As per Bhagavad Gita, mind is a powerful instrument in the hands of man through which he can rise to great heights or fall to immeasurable depths. In shlokas 6.5 and 6.6 it has been stated that :
‘One can himself, through his mind, elevate or degrade himself in life ; for the mind can be one’s best friend or the worst enemy. Mind is best of the friends of those who have conquered it ; but it proves to be the worst enemy of the ones who fail to control it.’
For man, the mind can be the cause of his bondage and it can also be the cause of his liberation. Whereas an indisciplined mind is the source of one’s fears, anxiety and stress ; the one who has brought the mind under control can easily overcome all his sorrows.
By referring to it as a friend or a foe of the man, it has been made clear that the mind is not the same thing as the person who possesses it. One has a mind and not that one is a mind. One can regulate his mind, if he has the required will to do so.
Gita has not only explored the essential nature of the mind but has also examined as to what ails it. The source of one’s miseries has been elaborated too. It has been stated in shlokas from 2.62 to 2.66 that likes and dislikes for different objects of the senses and the consequent desire for those objects plague the mind with various evils. They are the main source of one’s troubles. It has further been stated that a man of self-discipline, who even while experiencing all the objects keeps senses under control by not being swayed by likes and dislikes, he can attain purity of the spirit. And the purity of spirit erases all sorrows.
In other words, the one who works not under the slavery of the likes and dislikes for different objects but functions under the guidance of his illumined intelligence, he frees himself from the tyranny of insatiable desires. Even while working in all possible manner, his mind remains ever calm, contented and relaxed.
It has been conceded by Krishna that the mind being restless was very difficult to curb. Yet, it has been assured that the mind can be controlled by non-attachment and constant practice. In this regard, various techniques of meditation have also been prescribed.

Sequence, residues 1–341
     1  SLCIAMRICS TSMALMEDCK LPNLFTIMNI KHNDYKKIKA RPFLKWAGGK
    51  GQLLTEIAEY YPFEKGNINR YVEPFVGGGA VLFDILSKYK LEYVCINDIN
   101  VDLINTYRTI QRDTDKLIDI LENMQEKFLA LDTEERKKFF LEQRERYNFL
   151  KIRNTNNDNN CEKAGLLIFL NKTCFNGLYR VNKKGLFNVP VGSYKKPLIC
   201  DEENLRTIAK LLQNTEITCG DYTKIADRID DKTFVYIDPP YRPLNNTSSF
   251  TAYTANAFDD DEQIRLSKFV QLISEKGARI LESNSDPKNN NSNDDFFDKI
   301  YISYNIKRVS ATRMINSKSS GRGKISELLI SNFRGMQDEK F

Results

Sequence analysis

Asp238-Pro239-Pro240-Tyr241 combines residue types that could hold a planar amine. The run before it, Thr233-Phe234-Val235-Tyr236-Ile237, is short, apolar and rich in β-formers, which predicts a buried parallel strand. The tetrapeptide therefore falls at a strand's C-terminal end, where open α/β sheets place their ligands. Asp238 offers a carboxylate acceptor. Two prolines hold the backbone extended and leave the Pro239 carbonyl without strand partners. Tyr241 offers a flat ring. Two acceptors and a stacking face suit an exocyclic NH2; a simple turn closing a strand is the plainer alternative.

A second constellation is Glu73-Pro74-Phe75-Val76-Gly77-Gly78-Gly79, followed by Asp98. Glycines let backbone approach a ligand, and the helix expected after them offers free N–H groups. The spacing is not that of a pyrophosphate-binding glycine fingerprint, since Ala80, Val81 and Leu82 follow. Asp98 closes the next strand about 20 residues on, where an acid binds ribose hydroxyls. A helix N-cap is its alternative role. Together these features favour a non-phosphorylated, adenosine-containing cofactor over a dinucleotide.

Performance of penances (tapas) also help in control of the mind. Some of the penances have been enumerated in shloka 17.16. Developing a cheerful and joyful attitude towards life is one of the austerities described here. This attitude comes from maintaining one’s equanimity and composure in challenging as well as comfortable circumstances. Such a mind which is balanced under all circumstances is a happy mind.
Next what has been recommended is gentleness and gracefulness in dealing with others. Such an attitude can free one’s mind from hate, violence and cruelty. He then works for the welfare of all.
Contemplation in silence is another penance which helps in enrichment of the mind. In such a state of being, one constantly thinks of self-realisation.
Self-restraint is another quality which helps in keeping the mind under check. It implies that one should be the master of his own mind and not become a slave of various sense enjoyments.
Another penance, purity of mind, prescribes truthfulness and straightforwardness in one’s behaviour. When one obtatins purity of thought, whole of his being gets sanctified.
To summarise, taking the mind away from negative thoughts and making it dwell upon the positive aspects of life is considered to be the penance of mind. This is what brings about control of the mind.
Mind is conquered when it becomes capable of withstanding the urges of lust, anger and greed. It does not unnecessarily run after the glitter of the world. Instead, it remains established in the intelligence and the self. But conquering the mind does not mean suppressing it in some forceful or unnatural manner. What is required is the establishment of a harmonious relationship between the senses, mind, intelligence and the self. When such a harmony is established, vicious and disturbing ideas are weeded out from the mind ; and the virtuous and noble thoughts get cultivated.
Controlling the mind means not only outward cessation of one’s undesirable activities, but also abandoning of the selfish desires which impel those actions. It has been stated in shloka 3.6 that he who restrains his organs of action outwardly, even while thinking of pleasures of objects of the senses, only cheats himself. He is called a hypocrite. Conquering the mind implies comprehensive control – both internal thought and external activity.
Mind, thus, can be the source of unalloyed joy ; and also of the untold misery. The one with an equitable and stable mind can face all the challenges of life boldly. He is not shaken by the biggest of sorrows. He leads a blissful life.
In short, he who has conquered the mind, has conquered the world.